Tuesday, December 10, 2002
G. Williker’s Toy Shoppe is the newest acorn on Oak Avenue.
The toy store opened Nov. 23 at Second and Oak, and has seen plenty of kids and adults in its first two weeks of business.
“People are really excited to see a local toy store,” manager and buyer Jennifer Wood said. It’s been excellent, everyone coming in and doing their Christmas shopping locally.“
The store, open 10 a.m. to 7 p.m. seven days a week through Jan. 1, carries traditional toys such as Playmobile, Erector Sets and Legos, along with new toys, for children of all ages. Stuffed animals, puzzles, games, train sets, “Mars Mud” (you must squish to believe), dolls, and skill toys are just a few of the selections. As the shop is new and Wood is still learning what locals want, the merchandise will evolve, she said.
“We’re definitely a specialty toy store that offers a lot of traditional toys that maybe a lot of parents played with when they were kids, such as Erector Sets, Legos, and Playmobile,” she said. “We’ll carry more of the trendier type of toys as time goes on, and once we know what customers want. We are open to suggestion.”
Prices range from toys for 25 cents on up to the most expensive item, “Pedal Plane,” which just arrived Monday and sells for $500. Plenty of $2-5 toys are for sale.
The central location has been ideal, Wood said.
“It’s the best location in town. We get great walking traffic, and pretty much everyone who drives through town sees it,” Wood said.
Beckoning are a checked blue awning and picture of a clown — G. Williker’s — in the window.
“We tried to create an nostalgic atmosphere with a lot of primary colors and natural wood to give it traditional old time feel,” Wood said. The store is owned by Glen and Kim Haack.
Wood is a Hood River native who set up and managed shops for Eddie Bauer in the Portland metropolitan area and relished the chance to return home to operate G. Williker’s.
“It’s definitely a change of pace for me, but a great opportunity to not work for a large corporation,” she said. Popular items this Christmas have included Legos, Playmobile, and various toys collectively known as “spy gear”: camera, listeners, night scopes, and pens.
G. Williker’s will also include a candy counter as well as a “birthday club” in which kids enter their names for a monthly drawing for a birthday party or $75 gift certificate. The name “G. Williker’s,” was coined by Jennifer’s sister, Julie Wilson. “We liked the phrase, and turned it into a person’s name,” Wood said.
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Parkdale third graders sing "12 Disaster Days of Christmas"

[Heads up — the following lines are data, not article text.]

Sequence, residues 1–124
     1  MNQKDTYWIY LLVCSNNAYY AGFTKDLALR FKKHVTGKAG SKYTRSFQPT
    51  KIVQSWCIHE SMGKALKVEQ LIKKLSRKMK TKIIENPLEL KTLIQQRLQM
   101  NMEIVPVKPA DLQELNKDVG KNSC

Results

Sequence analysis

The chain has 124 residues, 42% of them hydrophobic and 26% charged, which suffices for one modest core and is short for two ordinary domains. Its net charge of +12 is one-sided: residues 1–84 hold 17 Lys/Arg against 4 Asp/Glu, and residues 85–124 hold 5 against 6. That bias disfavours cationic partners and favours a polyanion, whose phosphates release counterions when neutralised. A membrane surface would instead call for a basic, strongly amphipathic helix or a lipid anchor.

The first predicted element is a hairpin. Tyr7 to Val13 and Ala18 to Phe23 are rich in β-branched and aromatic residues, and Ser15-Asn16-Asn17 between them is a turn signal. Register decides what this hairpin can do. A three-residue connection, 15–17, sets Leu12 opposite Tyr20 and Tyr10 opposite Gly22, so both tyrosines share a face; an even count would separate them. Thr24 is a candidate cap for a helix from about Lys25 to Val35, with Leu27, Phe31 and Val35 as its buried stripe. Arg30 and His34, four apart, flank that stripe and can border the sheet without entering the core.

Welcome to your sing-able Christmas gift list. What follows is an emergency rendition of “12 Days of Christmas” – for outfitting your home or car in case of snow storm, earthquake, flood or other emergency. Read it as a simple list, or sing it to the tune of “12 Days” – you know, as in “ … and a partridge in a pear tree…” Not to make light of it, but the song is a familiar framework for a set of gift ideas that you could consider gathering together, even if the recipient already owns items such as a bunch of coats, tire chains and flashlights. Stores throughout the Gorge are stocked up on all these items. Buying all 12 days might be prohibitive, but here are three ideas for checking any of the dozen off your list (notations follow, 1-12.) The gift items needed to stay warm, dry and safe are also coded to suggest items in your abode (A) in your car (C) or both (B). 12 Gallons of Water (A) 11 Family meals (B) 10 Cans of propane (A) 9 Hygiene bags (B) 8 Packs of batteries (A) 7 Spare coats (B) 6 Bright red flares (C) 5 Cozy blankets (B) 4 Tire chains (C) 3 Flashlights (B) 2 cell phone chargers (B) 1 And a crush-proof first aid kit (B) Price ranges? Here’s a few quotes for days Three, Two, Four and Nine: n A family gift of flashlights (three will run $15-30, Hood River Supply, Tum-A-Lum) n Cell phone chargers (two will run $30-60) n Tire chains (basic set, $30, Les Schwab, returnable if unused for the winter) n Family meals ($100 or so should cover the basics for three or four reasonably well-fed days) n The home kit should be kept in a handy place near an exit, and remember that water needs to be replenished every few months. If you have a solid first aid kit already, switch out the gift idea with “and-a-sto-o-u-t- tub-for it-all …” Otherwise, it’s a case of assembling your home or car kits and making sure all members of the family know what the resources are and how to use them (ie flares and propane). Emergency situations are at worst life-threatening, at best deeply uncomfortable if you and your family are left without power for an extended period, or traveling and find yourself in a situation where you need to wait out a storm, lengthy traffic delay, or other crisis. Notes on the 12 gift ideas: 12 – Gallons of water: that’s one per person in a four-member family to last for three days, the recommended minimum to be prepared for utility outages. 11 – Easy-open packaged goods, energy bars, dried food and nuts are good things to include for nutrition. Think of what your family of four needs for three days to stay fortified and hydrated (see number 12). Can-opener also recommended 10 – If you have a propane camping stove, keep extra fuel handy. 9 – Hygiene bags: put packaged moistened towelettes, toilet paper, and plastic ties in large garbage bags (for personal sanitation) Resource list courtesy of Hood River County Emergency Management, Barbara Ayers, manager/ 541-386-1213. The county also reminds residents to Get a Kit, Make A Plan to connect your family if separated, and Stay Informed. See www.co.hood-river.or.us to opt-in for citizen alerts. Enlarge